When is an 83(b) election appropriate to make and what are some of the benefits from it? Section 83 applies to employees who receive stock that is subject to vesting. It is an election that would allow the taxpayer to be taxed at the time of the receipt of the property. There are various examples of where this would apply, including where the founder and employee agree to a stock option plan that allows them to exercise their options prior to vesting but subject to a restrictive stock agreement. The taxpayer can benefit from a substantial decrease in tax liability if an 83(b) election is timely made.
When the 83(b) election is made, the income is recognized at the time when the stock is purchased rather than when the stock vests and this also triggers the holding period of the stock. Often, the stock purchase price and fair market value on the purchase date are the same and, therefore, shouldn’t have any income to recognize from the stock purchase. If the 83(b) election isn’t made, then the income that will be recognized is the difference between the purchase price of the stock and the fair market value when it vests, even if the stock isn’t sold.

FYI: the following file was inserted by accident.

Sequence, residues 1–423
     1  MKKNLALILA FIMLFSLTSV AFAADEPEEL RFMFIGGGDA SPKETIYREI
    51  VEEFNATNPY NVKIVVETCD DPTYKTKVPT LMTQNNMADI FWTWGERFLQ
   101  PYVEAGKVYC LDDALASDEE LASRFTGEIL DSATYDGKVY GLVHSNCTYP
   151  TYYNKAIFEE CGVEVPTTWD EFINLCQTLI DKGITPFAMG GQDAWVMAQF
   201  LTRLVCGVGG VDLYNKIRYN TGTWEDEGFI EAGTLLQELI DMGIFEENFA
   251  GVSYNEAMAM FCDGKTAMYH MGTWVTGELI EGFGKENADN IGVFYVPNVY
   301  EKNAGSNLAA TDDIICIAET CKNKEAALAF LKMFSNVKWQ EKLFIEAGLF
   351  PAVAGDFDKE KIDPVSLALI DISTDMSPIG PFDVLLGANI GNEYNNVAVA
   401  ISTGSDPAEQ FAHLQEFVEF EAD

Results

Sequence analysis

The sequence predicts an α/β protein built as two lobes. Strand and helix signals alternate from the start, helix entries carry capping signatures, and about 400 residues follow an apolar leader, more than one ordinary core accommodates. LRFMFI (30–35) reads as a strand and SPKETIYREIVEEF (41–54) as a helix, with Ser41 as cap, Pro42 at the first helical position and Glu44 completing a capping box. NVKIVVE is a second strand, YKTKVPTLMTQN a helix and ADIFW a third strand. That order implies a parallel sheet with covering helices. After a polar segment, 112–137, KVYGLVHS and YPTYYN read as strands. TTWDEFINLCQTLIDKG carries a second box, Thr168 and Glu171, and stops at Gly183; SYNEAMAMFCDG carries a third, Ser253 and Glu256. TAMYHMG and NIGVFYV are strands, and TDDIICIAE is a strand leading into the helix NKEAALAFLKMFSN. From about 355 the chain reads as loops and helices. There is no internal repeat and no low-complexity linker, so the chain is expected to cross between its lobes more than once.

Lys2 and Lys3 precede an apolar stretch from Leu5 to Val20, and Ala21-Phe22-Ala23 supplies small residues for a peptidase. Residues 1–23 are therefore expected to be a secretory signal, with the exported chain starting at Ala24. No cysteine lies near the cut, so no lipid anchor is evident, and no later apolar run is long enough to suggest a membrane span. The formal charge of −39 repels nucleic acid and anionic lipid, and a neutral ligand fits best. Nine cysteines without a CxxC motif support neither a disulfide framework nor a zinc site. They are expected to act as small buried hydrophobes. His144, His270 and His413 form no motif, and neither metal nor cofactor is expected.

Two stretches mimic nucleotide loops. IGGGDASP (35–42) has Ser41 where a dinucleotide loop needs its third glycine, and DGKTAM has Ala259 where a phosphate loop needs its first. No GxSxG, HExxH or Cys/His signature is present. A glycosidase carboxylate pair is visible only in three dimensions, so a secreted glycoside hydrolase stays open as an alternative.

The most optimal scenario to make this election is when the stock price is likely to increase in value after purchase of the stock. The 83(b) election must be filed with the IRS no later than 30 days after the stock has been purchased.